We are proud of the many accomplishments of our Norwegian organisations and their partners, presented in this report. All though there are big challenges in most of the areas, we know that our partners are numerous and competent and adamant to continue the struggle until no one is left behind.
This study has conducted a literature review on the role of stigma in accessing education for people with disabilities in low and middle-income countries (LMICs). The report concludes that the cumulative stigma in society serves as a wall against equity and access to quality education for people with disabilities. It presents some viable solutions to counter this problem at the societal level and in schools.
This study has mapped to what extent Norwegian development and humanitarian aid actors have managed to ensure that persons with disabilities are considered in supported projects and programmes, either as a main focus (targeted) or as an inclusive part of larger programs (mainstreamed). The report finds that the number of “targeted” disability projects/ has remained almost the same since 2010. A direct consequence is that the share of Norwegian aid to persons with disabilities has decreased in this period. A positive trend, however, is that disability is increasingly included in other aid projects in areas such as health, education and business development.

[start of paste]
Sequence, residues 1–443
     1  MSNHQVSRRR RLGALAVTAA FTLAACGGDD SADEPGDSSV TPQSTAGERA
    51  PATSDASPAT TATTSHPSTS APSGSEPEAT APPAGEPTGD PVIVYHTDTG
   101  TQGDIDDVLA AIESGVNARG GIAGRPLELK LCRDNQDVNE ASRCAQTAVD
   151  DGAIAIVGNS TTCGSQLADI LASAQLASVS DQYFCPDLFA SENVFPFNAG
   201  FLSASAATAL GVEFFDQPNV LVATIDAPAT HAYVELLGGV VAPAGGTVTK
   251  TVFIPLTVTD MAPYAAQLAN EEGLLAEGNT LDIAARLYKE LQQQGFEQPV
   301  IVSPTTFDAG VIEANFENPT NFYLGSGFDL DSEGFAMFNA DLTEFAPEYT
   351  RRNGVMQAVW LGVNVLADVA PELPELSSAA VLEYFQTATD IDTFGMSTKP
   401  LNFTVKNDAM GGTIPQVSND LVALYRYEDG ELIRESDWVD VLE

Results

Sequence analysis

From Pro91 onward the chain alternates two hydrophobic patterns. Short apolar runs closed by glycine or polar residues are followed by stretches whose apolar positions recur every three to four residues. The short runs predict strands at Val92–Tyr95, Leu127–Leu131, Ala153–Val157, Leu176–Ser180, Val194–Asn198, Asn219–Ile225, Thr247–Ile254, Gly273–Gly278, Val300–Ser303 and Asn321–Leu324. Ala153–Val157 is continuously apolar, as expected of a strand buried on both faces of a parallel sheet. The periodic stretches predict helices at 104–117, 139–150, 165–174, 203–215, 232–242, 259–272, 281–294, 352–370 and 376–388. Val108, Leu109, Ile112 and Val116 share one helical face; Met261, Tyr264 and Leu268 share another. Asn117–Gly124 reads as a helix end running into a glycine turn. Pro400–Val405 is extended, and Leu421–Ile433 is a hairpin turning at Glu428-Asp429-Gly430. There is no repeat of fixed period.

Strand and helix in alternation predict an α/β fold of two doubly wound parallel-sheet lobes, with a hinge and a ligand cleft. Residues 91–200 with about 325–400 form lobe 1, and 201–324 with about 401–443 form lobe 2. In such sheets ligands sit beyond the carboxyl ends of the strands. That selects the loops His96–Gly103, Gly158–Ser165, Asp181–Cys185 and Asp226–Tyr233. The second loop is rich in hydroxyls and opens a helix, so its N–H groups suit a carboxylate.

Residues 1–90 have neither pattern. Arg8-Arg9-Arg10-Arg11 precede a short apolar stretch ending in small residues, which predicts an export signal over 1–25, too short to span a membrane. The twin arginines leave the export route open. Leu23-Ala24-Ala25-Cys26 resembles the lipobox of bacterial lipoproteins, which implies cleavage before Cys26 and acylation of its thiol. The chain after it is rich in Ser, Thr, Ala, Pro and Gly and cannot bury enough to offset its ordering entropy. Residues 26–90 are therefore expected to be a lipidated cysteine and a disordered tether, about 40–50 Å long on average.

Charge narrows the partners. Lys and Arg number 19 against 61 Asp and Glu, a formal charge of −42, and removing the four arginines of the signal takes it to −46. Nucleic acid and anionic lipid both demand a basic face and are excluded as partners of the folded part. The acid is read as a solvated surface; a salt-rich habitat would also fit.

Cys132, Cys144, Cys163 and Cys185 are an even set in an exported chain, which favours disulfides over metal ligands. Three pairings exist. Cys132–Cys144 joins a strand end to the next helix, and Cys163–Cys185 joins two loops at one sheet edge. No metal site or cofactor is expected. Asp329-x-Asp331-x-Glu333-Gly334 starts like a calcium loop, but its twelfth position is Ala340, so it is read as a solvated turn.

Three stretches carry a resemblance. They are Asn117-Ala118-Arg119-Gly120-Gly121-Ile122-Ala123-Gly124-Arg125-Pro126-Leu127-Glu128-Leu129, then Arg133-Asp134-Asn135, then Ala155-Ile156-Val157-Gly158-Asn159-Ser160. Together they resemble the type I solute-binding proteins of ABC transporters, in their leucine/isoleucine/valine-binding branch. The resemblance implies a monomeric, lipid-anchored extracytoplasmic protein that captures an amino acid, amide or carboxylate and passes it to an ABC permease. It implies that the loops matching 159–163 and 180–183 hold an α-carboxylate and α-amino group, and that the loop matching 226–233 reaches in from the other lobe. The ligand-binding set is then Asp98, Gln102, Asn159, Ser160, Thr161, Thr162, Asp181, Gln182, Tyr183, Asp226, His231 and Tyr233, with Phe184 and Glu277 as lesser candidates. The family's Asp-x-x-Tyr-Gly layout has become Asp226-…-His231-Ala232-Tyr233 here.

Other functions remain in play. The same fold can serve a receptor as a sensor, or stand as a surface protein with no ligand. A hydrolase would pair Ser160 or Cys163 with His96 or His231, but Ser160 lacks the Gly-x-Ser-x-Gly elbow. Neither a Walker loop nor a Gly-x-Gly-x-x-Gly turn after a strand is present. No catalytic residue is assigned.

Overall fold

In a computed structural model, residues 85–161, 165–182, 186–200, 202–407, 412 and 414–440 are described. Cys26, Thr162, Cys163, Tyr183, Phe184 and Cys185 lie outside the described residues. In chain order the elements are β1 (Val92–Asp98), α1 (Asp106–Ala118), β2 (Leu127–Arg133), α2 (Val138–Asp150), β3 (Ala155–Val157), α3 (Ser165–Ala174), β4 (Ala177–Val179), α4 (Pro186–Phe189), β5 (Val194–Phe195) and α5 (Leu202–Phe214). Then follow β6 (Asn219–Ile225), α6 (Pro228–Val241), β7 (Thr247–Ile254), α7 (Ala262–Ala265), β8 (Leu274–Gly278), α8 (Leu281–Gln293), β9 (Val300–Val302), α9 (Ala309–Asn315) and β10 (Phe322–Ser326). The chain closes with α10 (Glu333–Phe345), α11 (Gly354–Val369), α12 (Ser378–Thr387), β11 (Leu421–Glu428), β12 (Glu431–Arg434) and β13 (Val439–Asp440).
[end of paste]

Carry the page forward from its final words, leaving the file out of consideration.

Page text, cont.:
The Atlas Alliance is proud to present our 2016 Progress report. 2016 also marks the first year for implementing the ambitious 2030 Agenda for the Sustainable Development Goals (SDGs) – a
framework that recognises meaningful participation and inclusion of persons with disability in all areas of
development and economic growth.
This report assesses Norway’s progress on the commitments made in the White Paper 25, Education for Development, on the inclusion of the needs of children With disabilitites in bilateral and multilateral Development Cooperation. The report finds that the verdict is decidedly mixed. While Norway has played an important normative role in advocating for disability inclusion in global education, it is nevertheless the case that these efforts have, thus far, resulted in few verifiable results.